As it happened, for one reason and another, Lou ended his association with the magazine, and I withdrew the novella heâ€™d commissioned, â€œThe Voyage of Night Shining Whiteâ€. Nick Gevers came to the rescue and bought it for Pete Crowtherâ€™s PS Publishing, who released it in a standalone edition last fall. In the meantime, though, the other stories had come to the attention of a few editors, namely Sharyn November at Viking and George Mann at Solaris, both of whom were interested in novels set in that world, which Iâ€™d come to call the Celestial Empire. The results were Iron Jaw and Hummingbird and The Dragonâ€™s Nine Son, both due out in 2008.
Set the Seas on Fire features the Bonaventure family. They owe something to the von Beck, Begg family of Michael Moorcock. What made you want to a similar family to them and what challenges does this bring in keeping the strands working rather than colliding?
Along with the von Beck family, the other inspirations for the Bonaventure family (more properly the Bonaventure-Carmody family, though the Carmody side of the clan hasnâ€™t much appeared in print, as yet) are Kim Newmanâ€™s Diogenes Club stories, and Philip JosÃ© Farmerâ€™s Wold-Newton stories. Iâ€™ve got a real weakness for stories that mix genres, or at least blend different subgenres, and Iâ€™ve always been a sucker for heroes.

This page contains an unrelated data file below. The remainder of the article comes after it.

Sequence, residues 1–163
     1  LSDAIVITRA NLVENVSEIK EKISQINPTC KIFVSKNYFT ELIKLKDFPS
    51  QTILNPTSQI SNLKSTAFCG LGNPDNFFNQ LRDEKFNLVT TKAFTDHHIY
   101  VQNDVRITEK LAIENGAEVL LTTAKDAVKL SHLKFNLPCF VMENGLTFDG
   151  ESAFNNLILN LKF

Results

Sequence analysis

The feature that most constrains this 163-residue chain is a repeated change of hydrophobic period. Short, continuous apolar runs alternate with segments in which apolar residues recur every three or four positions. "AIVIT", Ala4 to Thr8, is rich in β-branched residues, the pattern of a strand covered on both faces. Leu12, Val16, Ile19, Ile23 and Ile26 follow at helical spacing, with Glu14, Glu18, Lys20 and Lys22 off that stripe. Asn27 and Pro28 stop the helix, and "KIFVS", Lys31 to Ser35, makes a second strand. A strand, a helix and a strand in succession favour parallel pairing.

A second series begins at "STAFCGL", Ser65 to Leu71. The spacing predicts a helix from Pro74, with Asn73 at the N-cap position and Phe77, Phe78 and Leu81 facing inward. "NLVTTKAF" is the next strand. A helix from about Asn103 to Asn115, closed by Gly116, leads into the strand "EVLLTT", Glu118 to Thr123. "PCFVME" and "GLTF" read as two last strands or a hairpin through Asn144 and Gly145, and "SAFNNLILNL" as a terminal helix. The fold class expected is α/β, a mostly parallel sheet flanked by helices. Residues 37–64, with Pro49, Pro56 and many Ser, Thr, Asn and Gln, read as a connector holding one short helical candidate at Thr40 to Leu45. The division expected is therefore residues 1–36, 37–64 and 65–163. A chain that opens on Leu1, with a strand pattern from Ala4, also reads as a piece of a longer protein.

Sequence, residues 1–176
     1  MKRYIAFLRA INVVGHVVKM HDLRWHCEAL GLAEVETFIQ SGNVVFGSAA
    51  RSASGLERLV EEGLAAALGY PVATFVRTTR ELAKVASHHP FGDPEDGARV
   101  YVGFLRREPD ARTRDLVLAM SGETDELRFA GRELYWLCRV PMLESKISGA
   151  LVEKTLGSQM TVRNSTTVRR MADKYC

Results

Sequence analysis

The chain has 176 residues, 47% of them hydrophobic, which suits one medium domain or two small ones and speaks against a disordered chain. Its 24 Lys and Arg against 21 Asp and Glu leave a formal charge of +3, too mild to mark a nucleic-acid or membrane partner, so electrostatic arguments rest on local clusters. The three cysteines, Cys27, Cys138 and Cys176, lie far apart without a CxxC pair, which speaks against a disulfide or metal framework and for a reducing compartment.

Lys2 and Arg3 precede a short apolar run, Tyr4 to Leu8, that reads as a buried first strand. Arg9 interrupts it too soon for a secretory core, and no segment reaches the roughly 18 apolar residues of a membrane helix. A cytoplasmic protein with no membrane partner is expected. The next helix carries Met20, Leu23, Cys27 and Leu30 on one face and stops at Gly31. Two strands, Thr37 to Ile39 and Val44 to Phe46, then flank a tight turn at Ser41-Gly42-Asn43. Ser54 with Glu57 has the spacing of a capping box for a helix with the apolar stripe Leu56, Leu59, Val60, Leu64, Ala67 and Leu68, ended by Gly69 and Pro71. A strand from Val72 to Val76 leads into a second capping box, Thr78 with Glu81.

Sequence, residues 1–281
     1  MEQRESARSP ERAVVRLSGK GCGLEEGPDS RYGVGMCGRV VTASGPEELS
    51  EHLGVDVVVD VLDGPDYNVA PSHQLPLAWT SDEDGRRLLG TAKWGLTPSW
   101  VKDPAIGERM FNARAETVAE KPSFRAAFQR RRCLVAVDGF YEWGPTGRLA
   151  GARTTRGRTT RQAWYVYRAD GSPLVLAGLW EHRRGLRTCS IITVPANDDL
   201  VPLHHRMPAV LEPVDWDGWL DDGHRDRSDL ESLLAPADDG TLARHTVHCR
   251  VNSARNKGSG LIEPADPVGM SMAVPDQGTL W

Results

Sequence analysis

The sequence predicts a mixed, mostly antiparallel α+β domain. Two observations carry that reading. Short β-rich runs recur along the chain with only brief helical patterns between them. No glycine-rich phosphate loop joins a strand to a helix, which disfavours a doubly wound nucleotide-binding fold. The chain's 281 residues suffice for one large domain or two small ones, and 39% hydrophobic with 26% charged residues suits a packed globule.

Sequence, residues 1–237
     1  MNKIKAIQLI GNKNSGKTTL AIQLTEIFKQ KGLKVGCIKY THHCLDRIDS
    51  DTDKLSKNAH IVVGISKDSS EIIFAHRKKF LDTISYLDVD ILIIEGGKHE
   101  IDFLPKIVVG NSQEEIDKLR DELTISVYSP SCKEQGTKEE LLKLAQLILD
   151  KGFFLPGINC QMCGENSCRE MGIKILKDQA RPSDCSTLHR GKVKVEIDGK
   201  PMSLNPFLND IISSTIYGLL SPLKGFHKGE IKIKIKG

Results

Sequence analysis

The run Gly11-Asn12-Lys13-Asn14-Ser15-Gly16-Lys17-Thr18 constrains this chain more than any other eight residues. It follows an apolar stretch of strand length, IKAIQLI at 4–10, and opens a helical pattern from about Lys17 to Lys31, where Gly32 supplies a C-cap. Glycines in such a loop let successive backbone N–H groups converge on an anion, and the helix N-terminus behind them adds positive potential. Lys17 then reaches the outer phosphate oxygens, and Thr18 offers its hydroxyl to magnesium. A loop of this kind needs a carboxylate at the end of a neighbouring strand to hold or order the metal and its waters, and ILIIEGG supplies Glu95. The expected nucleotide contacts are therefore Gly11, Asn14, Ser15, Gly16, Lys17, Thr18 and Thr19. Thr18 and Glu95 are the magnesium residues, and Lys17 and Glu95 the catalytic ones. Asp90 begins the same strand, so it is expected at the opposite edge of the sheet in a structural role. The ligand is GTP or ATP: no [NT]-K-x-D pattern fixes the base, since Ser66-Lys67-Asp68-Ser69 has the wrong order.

A few years ago, I was working on a novel about a kind of modern-day pulp hero, Jon Bonaventure Carmody, and I wanted to provide a bit of backstory about him and the world he inhabited. I worked out that his parents had been occult spies in the sixties, his father for the US and his mother for the British. And that his grandfather had been a pulp adventurer in New York, with his headquarters atop a skyscraper and a team of able assistants at his side. His great uncle had been a jungle lord, orphaned in the wild and subsequently raised by lions. And so on. The idea was that I would literalize the characters inspirations and influences by making them his actual ancestors. So that rather than saying that he was a little like James Bond, a little like Doc Savage, a bit like Tarzan, he was instead the son of Jake Carmody, the grandson of Rex â€œKingâ€ Carmody, the great-nephew of Lord John Carmody, and so on. His mother, Diana Bonaventure, secret agent of MI8, had a similarly heroic lineage, including Victorian explorer Peter Bonaventure, and WWI flying ace Jules Bonaventure.